Objectives of the study were to develop, test, and demonstrate how UAV technology can help provide visual inspections from above for a variety of structures and locations of interest to the Michigan Department of Transportation (MDOT), including:
Creating a state-of-the-practice report covering the use of UAVs for transportation purposes was the first step in understanding how this type of technology could prove beneficial for MDOT. Through this review, different types of sensors, platforms, and applications that have been proven to work for other UAV applications were noted and applied towards this study. These included optical (visible and near-infrared light), thermal, and LiDAR sensors that are attached to single- and multi-rotor helicopters, tethered devices (balloons and blimps) platforms. The following sections describe the types of infrastructure that our UAVs and sensor were prioritized to sense, based on MDOT input and the work plan.
UAV Based Monitoring
Lower cost UAVs have a shorter flight time and can typically be used for short term monitoring (30 minutes). Imagery is collected through HD video or pictures taken with a camera. From the UAV imagery, feature based algorithms and classifiers can be “trained” to detect and track roadway assets. The tracker is generalized such that any type of roadway assets could be detected and tracked; e.g., different types of signs and indicators, guard rails, and lamps.
UAVs can also be used for crash scene documentation. During a mock incident, the project team’s role was to work closely with the MSP, MDOT, and other participants to show how UAV-based imaging could provide useful data on a practical basis during an emergency response incident representative of where lives were at risk and information was needed as quickly possible that could be collected safely. This information was made available to the incident command center as soon as the hexacopter landed. The traffic monitoring blimp was rapidly moved over to the incident area to make the video feed available as well.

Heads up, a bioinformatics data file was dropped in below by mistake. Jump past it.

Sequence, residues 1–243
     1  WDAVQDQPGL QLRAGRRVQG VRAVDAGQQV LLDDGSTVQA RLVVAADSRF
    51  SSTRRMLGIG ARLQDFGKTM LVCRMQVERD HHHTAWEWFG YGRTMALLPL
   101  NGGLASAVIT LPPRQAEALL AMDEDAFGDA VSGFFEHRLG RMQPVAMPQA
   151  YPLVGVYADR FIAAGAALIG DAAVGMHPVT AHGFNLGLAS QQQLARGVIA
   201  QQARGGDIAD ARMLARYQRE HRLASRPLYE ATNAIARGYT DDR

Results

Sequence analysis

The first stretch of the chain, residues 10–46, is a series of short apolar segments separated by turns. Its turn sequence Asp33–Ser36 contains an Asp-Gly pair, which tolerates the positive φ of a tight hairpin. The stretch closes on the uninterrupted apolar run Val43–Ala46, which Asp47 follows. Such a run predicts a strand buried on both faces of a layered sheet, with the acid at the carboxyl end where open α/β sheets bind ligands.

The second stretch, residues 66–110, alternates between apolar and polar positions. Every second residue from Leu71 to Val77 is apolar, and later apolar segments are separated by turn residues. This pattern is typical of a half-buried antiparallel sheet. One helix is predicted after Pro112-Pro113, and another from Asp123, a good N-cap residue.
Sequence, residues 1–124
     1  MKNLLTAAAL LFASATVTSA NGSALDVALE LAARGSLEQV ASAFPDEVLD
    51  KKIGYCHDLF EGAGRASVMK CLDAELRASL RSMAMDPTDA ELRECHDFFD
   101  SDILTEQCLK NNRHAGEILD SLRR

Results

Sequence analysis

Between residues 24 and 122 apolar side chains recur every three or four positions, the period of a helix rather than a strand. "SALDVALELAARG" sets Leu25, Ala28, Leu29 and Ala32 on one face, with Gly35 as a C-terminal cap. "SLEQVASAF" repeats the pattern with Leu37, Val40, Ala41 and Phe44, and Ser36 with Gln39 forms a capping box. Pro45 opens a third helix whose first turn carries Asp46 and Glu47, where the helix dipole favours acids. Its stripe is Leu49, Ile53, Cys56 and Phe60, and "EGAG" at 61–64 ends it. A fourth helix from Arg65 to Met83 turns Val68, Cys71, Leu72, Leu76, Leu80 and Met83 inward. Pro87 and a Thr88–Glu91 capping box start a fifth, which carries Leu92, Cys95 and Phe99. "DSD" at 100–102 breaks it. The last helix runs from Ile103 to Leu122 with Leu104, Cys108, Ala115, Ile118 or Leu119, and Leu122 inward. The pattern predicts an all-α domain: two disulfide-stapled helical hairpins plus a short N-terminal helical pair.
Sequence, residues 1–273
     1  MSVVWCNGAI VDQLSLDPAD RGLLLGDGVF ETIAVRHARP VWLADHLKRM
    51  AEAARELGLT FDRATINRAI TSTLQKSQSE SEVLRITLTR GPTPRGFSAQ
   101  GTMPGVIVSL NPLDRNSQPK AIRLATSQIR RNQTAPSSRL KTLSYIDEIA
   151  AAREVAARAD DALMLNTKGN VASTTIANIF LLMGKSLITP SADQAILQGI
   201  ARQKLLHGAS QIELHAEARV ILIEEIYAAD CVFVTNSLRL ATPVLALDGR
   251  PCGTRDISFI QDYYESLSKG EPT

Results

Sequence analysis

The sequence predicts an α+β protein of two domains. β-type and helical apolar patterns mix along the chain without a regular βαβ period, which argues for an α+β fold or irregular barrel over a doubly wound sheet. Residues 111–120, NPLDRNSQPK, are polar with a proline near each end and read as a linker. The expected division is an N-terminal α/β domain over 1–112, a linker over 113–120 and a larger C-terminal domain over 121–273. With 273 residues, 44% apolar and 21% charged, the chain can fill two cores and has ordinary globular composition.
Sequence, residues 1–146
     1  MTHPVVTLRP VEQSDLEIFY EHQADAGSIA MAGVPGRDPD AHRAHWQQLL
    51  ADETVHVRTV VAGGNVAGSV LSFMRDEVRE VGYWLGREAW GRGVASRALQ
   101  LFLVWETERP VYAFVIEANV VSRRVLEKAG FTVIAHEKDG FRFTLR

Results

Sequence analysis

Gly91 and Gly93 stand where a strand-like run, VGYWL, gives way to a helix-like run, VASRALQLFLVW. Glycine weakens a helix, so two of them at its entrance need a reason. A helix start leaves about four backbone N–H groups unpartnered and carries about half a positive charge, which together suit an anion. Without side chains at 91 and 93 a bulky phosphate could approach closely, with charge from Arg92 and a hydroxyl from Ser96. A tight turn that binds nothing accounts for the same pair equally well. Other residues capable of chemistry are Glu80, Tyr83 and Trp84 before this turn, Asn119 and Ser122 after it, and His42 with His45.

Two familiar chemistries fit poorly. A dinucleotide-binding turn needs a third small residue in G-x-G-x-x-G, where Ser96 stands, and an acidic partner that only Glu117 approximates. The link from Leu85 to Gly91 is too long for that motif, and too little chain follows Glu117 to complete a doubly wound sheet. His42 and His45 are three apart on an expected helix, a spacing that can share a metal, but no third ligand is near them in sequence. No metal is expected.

The Traffic Monitoring Blimp
Tethered blimps can provide near-real time traffic monitoring, transmitting imagery to ground based receivers over extended periods of time. Aerostats/blimps are useful for applications that require temporary but persistent observation of an area on the ground. Blimps can be sized to payload requirements and designed to weather conditions. The blimp used is ~15 feet long and 5.5 feet in diameter; it requires about 300 square feet (8.5 square meters) of helium (just about one tank of helium) to fill. Net lift is ~8 pounds (3.6 kilograms); working lift is approximately 50 percent of net lift or 4 pounds (1.8 kilograms). The blimp can be safely flown in winds up to 15 miles per hour. It was used to demonstrate traffic monitoring during four days of the 2014 ITS World Congress in Detroit, MI.
Micro-UAVs with camera and sensor attachments can be flown in confined spaces, such as pump stations and culverts, to determine if they are safe enough to send a person into. They have the ability to send HD video of the confined space back to the operators’ cell phone as well as being saved to a memory card during the flight. Smaller UAV were better to use because they could get closer to walls, obstacles, and fly through smaller spaces.